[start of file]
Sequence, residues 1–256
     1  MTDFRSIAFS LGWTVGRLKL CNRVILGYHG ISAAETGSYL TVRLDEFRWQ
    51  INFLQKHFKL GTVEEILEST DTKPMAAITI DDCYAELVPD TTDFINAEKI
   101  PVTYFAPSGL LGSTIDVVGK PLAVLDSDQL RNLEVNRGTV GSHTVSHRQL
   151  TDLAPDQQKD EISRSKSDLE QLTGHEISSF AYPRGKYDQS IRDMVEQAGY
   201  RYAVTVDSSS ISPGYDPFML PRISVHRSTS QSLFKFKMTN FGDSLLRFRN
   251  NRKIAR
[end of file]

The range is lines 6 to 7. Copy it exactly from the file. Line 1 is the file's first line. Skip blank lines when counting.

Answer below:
   201  RYAVTVDSSS ISPGYDPFML PRISVHRSTS QSLFKFKMTN FGDSLLRFRN
   251  NRKIAR